By Stephanie Stan
Many people ask me if, knowing what I know today, I would repeat the Diploma Programme (DP) if given the opportunity. Every time, I reply that I would do it in a heartbeat. Without doubt, the IB diploma was the best decision that I made in high school! I signed up for IB because I wanted to challenge myself – to push my boundaries, grow past my comfort zone, and experience a new way of thinking that comprised of more than just memorization. In the process, I fell in love with the analytical aspects of my courses and the way that I can apply what I learn through different lenses. This love and passion for learning expanded as a result of my IB experiences and continues throughout my undergraduate studies.
I recently visited my high school to talk with future IB diploma candidates about my experiences in the programme and to reflect on my first year of college. The most common questions I received were centered around how I thought that the DP prepared me for my undergraduate studies, and the ways in which what I learned related to my college studies.
“How to eloquently speak and write, independently formulate and vocalize my own ideas and opinions, push myself past the pages of a textbook”
Coincidentally, these were questions that I continuously posed to myself throughout my first year of college during midterm preparation, while listening to lectures and reviewing notes for exams and talking to other students about coursework. There were countless times when I recognized how valuable my IB studies were and how fortunate I was to have completed the DP.
Completing the Diploma Programme tremendously prepared me for college, and not simply through the 21 credits it granted me going into my first year of undergrad. My experience and academic development consisted of the mindset and thought processes that I had developed as a high school Junior and Senior—skills involving how to eloquently speak and write, independently formulate and vocalize my own ideas and opinions, push myself past the pages of a textbook to tackle problems in class and in the real world and apply classroom knowledge and language proficiency to bilingual developmental psychology research I conducted on campus.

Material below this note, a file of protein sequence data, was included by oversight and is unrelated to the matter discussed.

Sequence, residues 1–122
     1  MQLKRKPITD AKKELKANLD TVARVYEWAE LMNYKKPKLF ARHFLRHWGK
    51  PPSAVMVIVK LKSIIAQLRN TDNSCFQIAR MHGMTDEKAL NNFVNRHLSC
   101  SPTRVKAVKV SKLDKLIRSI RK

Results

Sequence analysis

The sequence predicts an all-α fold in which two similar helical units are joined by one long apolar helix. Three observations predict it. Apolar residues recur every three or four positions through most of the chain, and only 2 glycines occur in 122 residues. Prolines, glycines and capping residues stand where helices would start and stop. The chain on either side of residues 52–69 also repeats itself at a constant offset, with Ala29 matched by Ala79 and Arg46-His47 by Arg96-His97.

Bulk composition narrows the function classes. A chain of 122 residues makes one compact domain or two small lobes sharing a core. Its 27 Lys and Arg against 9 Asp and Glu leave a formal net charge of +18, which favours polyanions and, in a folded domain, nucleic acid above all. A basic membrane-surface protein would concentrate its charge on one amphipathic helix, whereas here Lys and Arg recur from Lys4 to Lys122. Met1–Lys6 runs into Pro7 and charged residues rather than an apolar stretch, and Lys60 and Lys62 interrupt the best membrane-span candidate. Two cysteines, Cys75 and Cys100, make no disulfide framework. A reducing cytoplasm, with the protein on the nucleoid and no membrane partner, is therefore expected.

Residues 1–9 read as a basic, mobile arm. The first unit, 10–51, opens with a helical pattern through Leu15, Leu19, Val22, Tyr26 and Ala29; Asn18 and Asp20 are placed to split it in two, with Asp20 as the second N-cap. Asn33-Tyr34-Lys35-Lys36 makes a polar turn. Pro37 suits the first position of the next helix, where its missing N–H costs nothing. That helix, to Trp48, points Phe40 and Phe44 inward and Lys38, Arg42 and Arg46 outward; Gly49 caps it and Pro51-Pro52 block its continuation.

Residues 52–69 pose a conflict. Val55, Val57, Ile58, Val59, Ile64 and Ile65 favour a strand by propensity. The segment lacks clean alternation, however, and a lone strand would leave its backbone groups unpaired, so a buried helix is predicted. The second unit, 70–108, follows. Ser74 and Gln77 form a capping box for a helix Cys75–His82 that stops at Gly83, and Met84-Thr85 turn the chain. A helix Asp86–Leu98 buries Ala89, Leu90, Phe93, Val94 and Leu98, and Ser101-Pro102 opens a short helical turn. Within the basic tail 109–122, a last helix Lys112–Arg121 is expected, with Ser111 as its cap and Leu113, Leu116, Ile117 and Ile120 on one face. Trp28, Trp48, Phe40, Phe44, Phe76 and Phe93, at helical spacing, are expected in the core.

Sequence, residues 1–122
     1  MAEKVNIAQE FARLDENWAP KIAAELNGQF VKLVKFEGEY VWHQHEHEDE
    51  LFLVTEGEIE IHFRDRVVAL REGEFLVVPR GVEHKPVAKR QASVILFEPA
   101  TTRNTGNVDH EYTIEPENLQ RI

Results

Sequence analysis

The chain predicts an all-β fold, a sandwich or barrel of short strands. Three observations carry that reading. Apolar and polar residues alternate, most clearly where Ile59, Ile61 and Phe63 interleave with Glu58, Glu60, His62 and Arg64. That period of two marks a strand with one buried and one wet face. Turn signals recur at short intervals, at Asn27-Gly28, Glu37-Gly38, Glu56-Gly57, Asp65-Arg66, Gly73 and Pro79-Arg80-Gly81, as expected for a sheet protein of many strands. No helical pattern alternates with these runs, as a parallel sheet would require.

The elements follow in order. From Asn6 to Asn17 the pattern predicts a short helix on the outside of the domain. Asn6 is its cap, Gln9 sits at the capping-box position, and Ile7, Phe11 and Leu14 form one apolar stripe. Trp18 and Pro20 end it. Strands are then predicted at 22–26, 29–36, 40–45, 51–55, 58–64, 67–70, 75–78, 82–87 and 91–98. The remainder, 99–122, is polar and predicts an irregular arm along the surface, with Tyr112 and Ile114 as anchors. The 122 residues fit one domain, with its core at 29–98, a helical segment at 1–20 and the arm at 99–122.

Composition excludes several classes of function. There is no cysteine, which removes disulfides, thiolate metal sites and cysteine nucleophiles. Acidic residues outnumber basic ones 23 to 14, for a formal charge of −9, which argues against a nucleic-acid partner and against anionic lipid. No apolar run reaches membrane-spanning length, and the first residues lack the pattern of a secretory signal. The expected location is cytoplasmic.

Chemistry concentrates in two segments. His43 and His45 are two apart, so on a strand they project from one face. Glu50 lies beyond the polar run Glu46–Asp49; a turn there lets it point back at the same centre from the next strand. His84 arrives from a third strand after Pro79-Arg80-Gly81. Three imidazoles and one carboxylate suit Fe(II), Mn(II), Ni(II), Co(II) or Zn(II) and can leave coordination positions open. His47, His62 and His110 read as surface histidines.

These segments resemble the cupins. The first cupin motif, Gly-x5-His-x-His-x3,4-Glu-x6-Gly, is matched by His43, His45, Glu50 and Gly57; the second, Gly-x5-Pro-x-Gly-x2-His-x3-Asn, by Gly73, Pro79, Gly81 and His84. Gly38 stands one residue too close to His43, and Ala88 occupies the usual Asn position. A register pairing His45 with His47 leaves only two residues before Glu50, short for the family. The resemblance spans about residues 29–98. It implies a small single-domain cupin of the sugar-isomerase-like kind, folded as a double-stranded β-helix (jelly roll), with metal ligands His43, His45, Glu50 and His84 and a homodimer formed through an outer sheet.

Above all, this preparation allowed me to continue to grow as a student and individual because of the profound academic head start that the programme provided me.
Looking back on my experience, my time in the DP brought forth unmeasurable amounts of academic and intellectual discovery, personal growth, diverse relationships and so much more. There are innumerable applications of curriculum I learned in the DP and characteristics I developed through my studies that carried over to my college experience. Nothing else amounts to the level of preparation that an IB student receives prior to beginning college, and the way this preparation helps us to further excel in our later studies and professions. Beyond connections in curriculum, DP pushes students to become stronger analysts, test takers, communicators and thinkers. DP students develop advanced speaking skills during in-class presentations and Individual Oral Commentary’s (IOC) that make us great at public speaking, a skill that has made part of my campus job with Kaplan, giving presentations to campus organizations, very comfortable.
“College is still very difficult, but the skills and thought processes IB students acquire in the DP set us apart from other university students and make it easier to balance and excel in a multitude of different activities.”
Likewise, DP students obtain analytical writing skills while composing our extended essay and Internal Assessments, and from countless exercises and assignments in HL English that make us comfortable analytically writing both short and long assignments. the profound interwoven material covered in DP courses prepares students for their university studies by providing an introduction into the topics covered at the university level. For instance, topics from my HL Biology class were covered again in each of my science classes (Anatomy, Psychology, Biology) last semester at the University of Michigan.
While some of my university peers stress and complain about having three exams in one month, I feel extremely prepared for my coursework and balancing difficult curriculum with many extracurricular activities. I do not feel overly stressed about college exams because by the end of my IB career, I took about 10 exams in two weeks during the DP exam period and have the experiences from internal exams, theory of knowledge (TOK), and the 4,000-word extended essay underneath my belt.
My studies in the Diploma Programme furthered the broadening of my world perspective beyond simply what textbooks tell us to believe. The skills it taught me have made me more confident and completely changed how I see myself, the world around me and how I approach my personal and professional life. College is still very difficult, but the skills and thought processes IB students acquire in the DP set us apart from other university students and make it easier to balance and excel in a multitude of different activities during our college years. Despite all of the hardships, stress, and sleepless nights during my studies in the programme, I loved the experience and I am so thankful for the extent to which my IB studies helped revolutionize how I think, speak and write, and prepared me for my undergraduate and future graduate studies.
Stephanie Stan is a graduate of Bloomfield Hills High School and a current pre-health student at the University of Michigan studying towards her B.S. in Biology, Health and Society.